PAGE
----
Choose a relevant online course and ask your employees to enroll.
Whatever the case is, you’ll have some work to do in order to encourage peer-to-peer learning.
1. Encourage Discussion Among the Learners
Some of the employees will perceive the course as something mandatory. They will just want to go through it as quickly as possible. That’s not how peer learning works. You have to encourage them to discuss different issues. Invite them to lunch and tackle a topic. See if you can turn it into a productive discussion.
Feedback from the peers is crucially important. That’s exactly why companies like Deloitte abandoned annual rankings and traditional evaluations. The employees get instant recognition of positive behavior, and that’s usually provided via a public social platform. That’s how they support the discussion and appreciation of each other’s work, and it’s all part of the continuous process of learning.
Encourage the employees to share opinions and ask questions on the platform. If your company doesn’t use a separate platform for online learning such as WorkDay or Cognify, you can always create a private Facebook group or use Trello to support each other.
Ask them to evaluate the work of their colleagues and share feedback. That’s what peer learning is all about.
2. Share Clear Guidelines
GE supports that notion through a practical example. To cultivate collaborative and cross-functional teams, the company adopted approach based on continuous dialogue and shared accountability. Instead of critiquing, the managers coach the employees. To do this, they developed an internal smartphone to connect the managers, employees and teams. Needless to say, the communication is based on proper etiquette, and the entire process of peer-to-peer communication is based on precise guidelines.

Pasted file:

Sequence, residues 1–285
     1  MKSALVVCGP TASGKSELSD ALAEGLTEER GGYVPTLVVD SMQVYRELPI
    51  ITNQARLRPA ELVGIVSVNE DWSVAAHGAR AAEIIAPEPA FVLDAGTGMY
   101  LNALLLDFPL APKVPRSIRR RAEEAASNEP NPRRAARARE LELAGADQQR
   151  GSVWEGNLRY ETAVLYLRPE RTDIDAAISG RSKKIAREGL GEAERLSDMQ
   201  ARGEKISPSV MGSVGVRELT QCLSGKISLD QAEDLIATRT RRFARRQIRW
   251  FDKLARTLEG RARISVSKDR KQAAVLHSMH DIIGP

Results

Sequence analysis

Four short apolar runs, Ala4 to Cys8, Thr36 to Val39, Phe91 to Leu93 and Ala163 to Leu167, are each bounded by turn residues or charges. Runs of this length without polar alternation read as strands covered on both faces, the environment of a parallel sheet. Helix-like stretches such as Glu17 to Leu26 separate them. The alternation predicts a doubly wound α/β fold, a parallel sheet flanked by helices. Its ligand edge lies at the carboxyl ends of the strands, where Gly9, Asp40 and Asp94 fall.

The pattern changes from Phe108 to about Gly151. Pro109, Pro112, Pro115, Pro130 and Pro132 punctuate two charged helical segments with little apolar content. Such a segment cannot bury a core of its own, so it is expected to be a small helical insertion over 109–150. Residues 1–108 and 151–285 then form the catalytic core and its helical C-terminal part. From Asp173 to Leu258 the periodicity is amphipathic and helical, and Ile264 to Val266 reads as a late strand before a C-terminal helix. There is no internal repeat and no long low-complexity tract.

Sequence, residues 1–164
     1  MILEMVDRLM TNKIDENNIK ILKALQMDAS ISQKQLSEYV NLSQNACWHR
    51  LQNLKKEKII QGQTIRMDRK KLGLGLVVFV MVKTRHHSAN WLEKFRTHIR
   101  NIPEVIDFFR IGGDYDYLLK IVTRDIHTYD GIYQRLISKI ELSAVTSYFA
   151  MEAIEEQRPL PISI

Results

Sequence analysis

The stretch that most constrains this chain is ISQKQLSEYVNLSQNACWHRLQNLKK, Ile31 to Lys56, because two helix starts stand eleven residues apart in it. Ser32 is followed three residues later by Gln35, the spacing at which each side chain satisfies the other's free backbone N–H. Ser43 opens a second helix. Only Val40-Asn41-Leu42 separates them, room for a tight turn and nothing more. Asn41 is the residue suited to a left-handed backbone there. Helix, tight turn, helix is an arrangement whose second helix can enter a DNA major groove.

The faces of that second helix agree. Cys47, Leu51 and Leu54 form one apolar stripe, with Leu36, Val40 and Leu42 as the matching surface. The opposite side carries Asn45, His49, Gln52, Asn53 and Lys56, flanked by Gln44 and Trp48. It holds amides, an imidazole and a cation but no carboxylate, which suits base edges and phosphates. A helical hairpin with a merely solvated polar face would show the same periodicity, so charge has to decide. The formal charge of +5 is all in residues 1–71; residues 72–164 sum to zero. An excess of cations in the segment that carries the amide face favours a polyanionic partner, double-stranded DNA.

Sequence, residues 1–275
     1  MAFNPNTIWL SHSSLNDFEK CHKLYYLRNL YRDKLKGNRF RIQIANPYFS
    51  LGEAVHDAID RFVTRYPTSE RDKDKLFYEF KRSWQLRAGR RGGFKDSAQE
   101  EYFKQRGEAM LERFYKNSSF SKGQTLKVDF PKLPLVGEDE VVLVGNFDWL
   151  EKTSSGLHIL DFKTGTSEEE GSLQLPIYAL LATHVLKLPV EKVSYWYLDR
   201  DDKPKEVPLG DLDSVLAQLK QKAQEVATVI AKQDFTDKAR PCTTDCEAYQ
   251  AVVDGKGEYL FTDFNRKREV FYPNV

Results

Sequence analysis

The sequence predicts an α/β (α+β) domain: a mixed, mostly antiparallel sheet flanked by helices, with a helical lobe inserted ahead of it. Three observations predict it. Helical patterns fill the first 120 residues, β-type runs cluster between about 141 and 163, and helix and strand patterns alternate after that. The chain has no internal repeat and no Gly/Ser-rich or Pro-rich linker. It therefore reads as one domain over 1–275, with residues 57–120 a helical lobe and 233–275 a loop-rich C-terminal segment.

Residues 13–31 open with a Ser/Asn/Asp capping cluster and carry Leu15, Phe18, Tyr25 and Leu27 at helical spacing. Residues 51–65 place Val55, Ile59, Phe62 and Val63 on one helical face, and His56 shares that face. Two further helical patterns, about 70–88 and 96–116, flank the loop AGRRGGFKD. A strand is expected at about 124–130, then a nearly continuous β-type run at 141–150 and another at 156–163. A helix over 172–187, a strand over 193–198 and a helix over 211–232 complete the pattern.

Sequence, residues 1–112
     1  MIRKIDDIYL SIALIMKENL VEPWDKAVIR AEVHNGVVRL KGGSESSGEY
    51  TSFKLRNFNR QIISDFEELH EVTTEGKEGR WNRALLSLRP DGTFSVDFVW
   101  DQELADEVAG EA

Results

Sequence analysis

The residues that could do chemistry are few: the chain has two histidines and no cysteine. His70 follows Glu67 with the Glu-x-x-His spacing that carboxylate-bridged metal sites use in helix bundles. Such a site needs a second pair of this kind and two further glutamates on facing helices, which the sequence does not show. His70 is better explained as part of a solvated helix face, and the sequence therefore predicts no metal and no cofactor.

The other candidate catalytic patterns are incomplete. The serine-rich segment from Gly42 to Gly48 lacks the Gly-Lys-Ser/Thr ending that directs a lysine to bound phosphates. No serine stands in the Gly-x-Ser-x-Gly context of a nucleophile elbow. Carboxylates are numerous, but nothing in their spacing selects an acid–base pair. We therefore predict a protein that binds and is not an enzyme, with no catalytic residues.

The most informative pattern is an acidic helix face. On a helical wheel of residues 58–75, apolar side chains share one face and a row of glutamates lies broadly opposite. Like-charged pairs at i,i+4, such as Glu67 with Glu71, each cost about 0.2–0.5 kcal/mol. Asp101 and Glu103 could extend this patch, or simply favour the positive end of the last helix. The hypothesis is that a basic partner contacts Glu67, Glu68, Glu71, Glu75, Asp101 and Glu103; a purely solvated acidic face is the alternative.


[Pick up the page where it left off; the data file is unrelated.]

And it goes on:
3. Explain the Desired Outcome
What purpose does this learning have? Your employees need specific goals to justify their efforts. Explain how this program will enhance the communication within the team and will help them boost individual skills at the same time.
Facebook’s FLiP (Facebook Leadership in Practice) program, for example, is based on coaching and feedback that rising leaders receive from their peers, as well as from executive team members. The purpose of this program is to foster collaborative relationships and encourage continuous learning. The participants in the program know exactly what goals they are supposed to achieve.
Have you tried peer-based learning in your organization? If not, now is the right time to do it. Share your questions, doubts and experiences with us!
Sophia Anderson is an associate educator, tutor and freelance writer for UK EssayOnTime. She is keen on covering topics on learning, writing, business, careers, self-improvement, motivation and others. She believes in the driving force of positive attitude and personal development. Talk to her on Twitter.